In the hotel itself, G.C.Wickremasinghe had the large engine that had been the main source of power for the old factory, relocated and set to work at a slow speed. It now rotates the line shaft and pulleys that have been retained to give the guests some idea of how power was transferred to individual items of machinery in the old days by using camel hair belts.
On the question of a logo, G.C.Wickremasinghe decided on the logo used by the British to advertise Ceylon Tea during the British Raj. They had a teapot with the letter “T” carved out inside. The only change he made was to replace the “T” with the Sinhalese word for tea, “Thé”.
The conversion, the interior decor, furniture etc. were designed by Nihal Bodhinayake, Chartered Architect of Nihal Bodhinayake Associates. The structure had to be strengthened to accommodate the weight of the 57 rooms, beds, cupboards, the other furniture, fixtures and fittings plus the weight of 57 attached toilets with baths. Designs to strengthen the structure and the structural changes that were necessary were provided by Mr.B. A. Dayananda, Chartered Engineer of Dayananda Associates. The main Contractor was Link Engineering Ltd.
G.C.Wickremasinghe had Chandana Kuruppu as his Project Manager. Apart from seeing the project through to an outstanding conclusion, Kuruppu handled the 99-year lease of the factory building, and the surrounding 25 acres for the project, from the Land Reform Commission. At that time it was the longest lease granted to any private sector organization by the Land Reform Commission. He also negotiated with the local authorities and politicians for the Kandapola – Hethersett road to be tarred at Government expense. As a result, a bus service was inaugurated from Nuwara Eliya town to Hethersett. This was a boon to the neighbouring villages whose people had previously encountered severe hardship in getting to town to sell their produce, seek medical aid etc.
The Tea Factory Hotel has contributed greatly to the economic development of the surrounding Hethersett village. G.C.Wickremasinghe insisted that youth from the labour “lines” should be given preference whenever employment opportunities arose and the hotel paid the cost of the transformer for the supply of electricity to the labour “lines”. Generous donations were made to the local kovils and crèches.The following advertisement describes one of the many awards won by The Tea Factory:
For the year 2000
G.C.Wickremasinghe had the privilege of attending this ceremony and speaking at length with H.R.H. Prince Charles about this project. The Prince was extremely interested in it as it had revitalized an abandoned British building with a rich history; and provided great economic benefits to the neighbouring villagers.
The Tea Factory also won the UNESCO Asia-Pacific Heritage 2001 Awards Competition. G.C.Wickremasinghe and Roshan Fernando, the then General Manager of The Tea Factory, collected the award certificate jointly at the award ceremony held in Hong Kong at the beginning of 2002.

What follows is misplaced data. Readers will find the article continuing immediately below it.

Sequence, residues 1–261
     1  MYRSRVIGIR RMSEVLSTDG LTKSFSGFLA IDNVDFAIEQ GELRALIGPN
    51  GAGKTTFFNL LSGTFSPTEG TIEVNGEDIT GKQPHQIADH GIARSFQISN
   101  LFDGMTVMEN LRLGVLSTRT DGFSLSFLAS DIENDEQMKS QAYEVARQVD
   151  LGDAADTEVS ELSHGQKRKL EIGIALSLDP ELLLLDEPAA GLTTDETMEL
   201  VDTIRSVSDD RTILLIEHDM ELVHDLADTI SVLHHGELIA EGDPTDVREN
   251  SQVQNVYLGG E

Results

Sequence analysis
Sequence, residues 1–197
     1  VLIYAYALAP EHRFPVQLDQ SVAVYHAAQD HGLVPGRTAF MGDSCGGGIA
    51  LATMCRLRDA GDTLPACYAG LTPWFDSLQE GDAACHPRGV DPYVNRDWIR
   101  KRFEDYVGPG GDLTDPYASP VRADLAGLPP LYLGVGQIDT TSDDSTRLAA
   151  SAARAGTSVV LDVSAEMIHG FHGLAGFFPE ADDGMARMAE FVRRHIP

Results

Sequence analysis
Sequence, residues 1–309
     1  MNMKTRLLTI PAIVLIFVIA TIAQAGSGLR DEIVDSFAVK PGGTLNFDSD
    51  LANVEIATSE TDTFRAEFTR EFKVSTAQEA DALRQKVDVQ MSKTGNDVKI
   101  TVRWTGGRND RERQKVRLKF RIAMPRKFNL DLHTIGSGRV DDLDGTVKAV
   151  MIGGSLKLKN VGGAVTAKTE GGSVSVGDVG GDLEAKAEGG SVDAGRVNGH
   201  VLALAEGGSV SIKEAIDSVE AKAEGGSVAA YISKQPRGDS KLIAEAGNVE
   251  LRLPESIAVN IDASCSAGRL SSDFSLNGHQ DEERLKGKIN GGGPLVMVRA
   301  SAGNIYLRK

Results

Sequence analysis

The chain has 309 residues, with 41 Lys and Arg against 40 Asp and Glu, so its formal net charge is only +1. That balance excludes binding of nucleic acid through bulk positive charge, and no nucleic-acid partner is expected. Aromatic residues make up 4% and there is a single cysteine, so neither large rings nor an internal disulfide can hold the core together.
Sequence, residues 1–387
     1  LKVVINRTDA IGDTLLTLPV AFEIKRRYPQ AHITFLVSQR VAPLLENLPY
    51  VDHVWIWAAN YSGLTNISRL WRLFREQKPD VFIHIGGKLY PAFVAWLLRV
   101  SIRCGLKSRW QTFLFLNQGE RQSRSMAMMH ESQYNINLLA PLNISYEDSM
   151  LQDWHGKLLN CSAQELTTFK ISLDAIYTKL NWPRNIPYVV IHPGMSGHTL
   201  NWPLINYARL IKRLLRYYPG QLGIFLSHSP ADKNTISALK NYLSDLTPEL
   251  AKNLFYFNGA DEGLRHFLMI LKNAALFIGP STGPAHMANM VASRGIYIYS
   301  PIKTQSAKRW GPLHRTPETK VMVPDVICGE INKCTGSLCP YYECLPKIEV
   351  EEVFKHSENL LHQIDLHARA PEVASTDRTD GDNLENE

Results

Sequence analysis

In regard to the history of the Hethersett factory and estate, an examination of Land Registries reveals that the first owner of the property was William Flowerdew who had obtained this virgin Crown land, 6,800 feet above sea level and six degrees from the equator, in 1879 from the government. He named it Hethersett, after his home village in England, and proceeded to plant various crops such as cinchona and tea.
The original plantation consisted of 250 acres of which he planted 150 acres in cinchona and the original factory was built between the late 1880s and the early 1890s; the latter being severely damaged by fire during or after the First World War. It was completely rebuilt and modernised in the early thirties a couple of hundred yards from the old site which is now occupied by the crèche.
The new factory produced about half a million kilograms of some of the best Ceylon Tea each year for nearly 50 years. Even the original basic factory built in Flowerdew’s time produced some excellent teas and on one occasion, in 1891, its silver tip tea was auctioned in Mincing Lane, London, for £1.10s.6d a pound - 30 times the then average price for a pound of tea.
The factory was closed in 1973 due to cost-cutting and the fact that the machinery had become obsolete.
Flowerdew’s house, a log cabin, built in about 1883, is now nowhere to be seen and on its site, a modern Superintendant’s bungalow has been built. This is now occupied by the Assistant Superintendent of the Hethersett Division.
From 1900 to 1925 a Mr.Mac Tier was Superintendent and lived in the original log cabin; a fact stated to G.C.Wickremasinghe in 1996 by Mac Tier’s daughter, then in her nineties and living in Devon, England.
In order to get some insight into to the Flowerdew family, G.C.Wickremasinghe visited the charming English village of Hethersett in the South West of Norwich, England, where the Flowerdews had been a prominent family. He was able to trace the Flowerdew lineage back to the year 1470. They had been a landowning family and had become somewhat unpopular when they acquired and fenced off vast
extents of land which had always been used in common by the villagers of Hethersett. This led to the most important event in Hethersett’s history and it took place in 1549 when there was an uprising and Robert Kett and his men tore down the hedges that had been put up on Hethersett common by Flowerdew’s ancestors. Robert Kett, a martyr and one of Hethersett’s greatest sons was found guilty of treason, imprisoned in the Tower of London and subsequently hanged.
These events may have compelled many of the Flowerdews to leave their village because it is recorded that William Flowerdew (the first owner of Hethersett Tea Plantation) was born in Aberdeen Scotland and baptised at Angus Dundee on 17th October 1831.
Other Awards won for this hotel: